Three Reasons Why The Apparel Deal With “Three Stripes” Is A Good One
The news came today that NC State has signed a four-year all-sport apparel deal with adidas. State joins a list of 12 other schools adidas currently provides similar product support for.
NC State University Director of Athletics Deborah A. Yow announced today that State and adidas have agreed to a four-year sponsorship and product-allowance agreement.
NC State joins an elite group of institutions including Notre Dame, Tennessee, Kansas, Wisconsin, Louisville, Michigan, Indiana, Cincinnati, Texas A&M, UCLA, Mississippi State and Nebraska who have such agreements with adidas.
“After months of discussion about moving our 23-team department to an all-sport sponsorship, adidas emerged with the best proposal for our athletes, coaches and University,” said Yow. “The innovative product line at adidas is tremendous and we are pleased about the considerable cost savings we will realize through this expanded partnership.”
“We are very excited to extend our partnership with North Carolina State to outfit all 23 teams,” said Chris McGuire, Director of Sports Marketing for adidas. “The Wolfpack had very successful fall and winter seasons and we look forward to continuing to bring the best in performance uniforms, footwear and apparel to State’s athletes and fans.”
Wolfpack fans across the nation can purchase adidas gear, including sideline apparel, coaches’ polo shirts, hats, jerseys, performance apparel and outerwear at a wide variety of quality retailers as well as on the official website of the Wolfpack Athletics, www.GoPack.com.
There will be grumbling by State fans–it’s what we do–that the Pack is still donning adidas gear and not red swooshes, but here are three reasons–one per stripe–State fans should be pleased with this deal.
- The obvious: This new deal will save State’s athletic department $1 million annually over the course of the deal. That’s serious money any way you slice it. With times as tight as they are–and with top-notch coaches fetching more and more every year in salary–every dollar saved or earned counts.
- The not-so-obvious: A four-year contract is short enough to provide State greater flexibility and leverage to capitalize on the anticipated increase in positive momentum the program continues to build. Word is Yow had pushed for a three-year term; adidas hoped for a six-year term. This four-year term gives State ample time to build its brand through (fingers-crossed) greatly improved basketball performance, coupled with consistent good-to-very-good football performance and improved baseball success. If State can continue on its upward trend, State will be primed to renegotiate its deal sooner and at a time when hopefully this wave will be cresting (or surging further upward).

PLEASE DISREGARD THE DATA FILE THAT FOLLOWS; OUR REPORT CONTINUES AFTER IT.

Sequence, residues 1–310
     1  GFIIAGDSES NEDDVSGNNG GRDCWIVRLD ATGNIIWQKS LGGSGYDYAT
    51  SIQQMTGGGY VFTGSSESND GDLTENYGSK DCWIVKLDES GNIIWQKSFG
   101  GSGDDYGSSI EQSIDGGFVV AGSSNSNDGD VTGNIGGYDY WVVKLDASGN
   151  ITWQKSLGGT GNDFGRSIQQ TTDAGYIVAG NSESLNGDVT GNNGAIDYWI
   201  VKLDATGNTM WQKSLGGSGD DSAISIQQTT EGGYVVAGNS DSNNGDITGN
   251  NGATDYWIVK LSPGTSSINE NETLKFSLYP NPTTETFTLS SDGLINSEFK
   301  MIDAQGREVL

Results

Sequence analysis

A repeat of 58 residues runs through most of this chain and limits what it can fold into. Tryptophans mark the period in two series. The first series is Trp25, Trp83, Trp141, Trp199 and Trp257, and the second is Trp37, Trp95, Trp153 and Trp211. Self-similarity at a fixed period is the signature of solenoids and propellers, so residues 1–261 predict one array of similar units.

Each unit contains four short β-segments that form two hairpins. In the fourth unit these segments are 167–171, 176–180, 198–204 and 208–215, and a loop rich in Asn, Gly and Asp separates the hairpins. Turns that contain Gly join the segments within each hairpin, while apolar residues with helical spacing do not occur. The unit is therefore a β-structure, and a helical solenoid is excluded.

- The I-think-this-will-happen: A greater commitment from adidas across all sports SHOULD mean adidas will make a greater commitment to place our product in higher numbers of more prominent retailers. This all-sport deal won’t make State a nationwide brand overnight–only winning at a high level can do that–but it should mean adidas-produced State apparel will be easier to find in the greater Triangle region and beyond. One of the biggest complaints about State’s prior apparel deals was simply a lack of purchasing options/venues for folks living outside the Triangle. Previously, adidas’s partial participation in State’s athletic department was seemingly reflected with partial support in the retail world. I’m assuming this greater commitment by adidas to NC State’s overall athletic program will reflect itself in that realm. After all–moving more product benefits both parties, State and adidas.
State, at this point however, just doesn’t have the clout to feasibly ask Nike to add them to their ranks. Not without State making some serious concessions on their part to get the deal done. If you were hoping State was moving to Nike with this contract, sorry, it wasn’t going to happen.
But the relative brevity of the deal means State should be poised to get back into the discussion with Nike two years ahead of schedule and (hopefully) with a greater position of negotiating strength. Phil Knight disciples need only wait out a presidential election cycle before getting back into talks with Nike.
And while Nike is the clear Number One among apparel companies, adidas is still the clear second in command, ahead of companies like Under Armour that have tried for years to gain greater market share. adidas still has a very solid foothold in the college basketball recruiting universe, unlike Under Armour, so it’s not as if State’s stuck with chopped liver for the next four years–they’re in good company with schools like Notre Dame, Michigan and UCLA.
Bottom line: This deal is a definite step-up from State’s current apparel deal(s), and shrewd negotiation by Yow and Co. means it could possibly improve further down the line very soon. You’ll just have to wait at least four years before you can run out and buy that replica Nike Pro Combat Wolfpack jersey you’ve always dreamed of.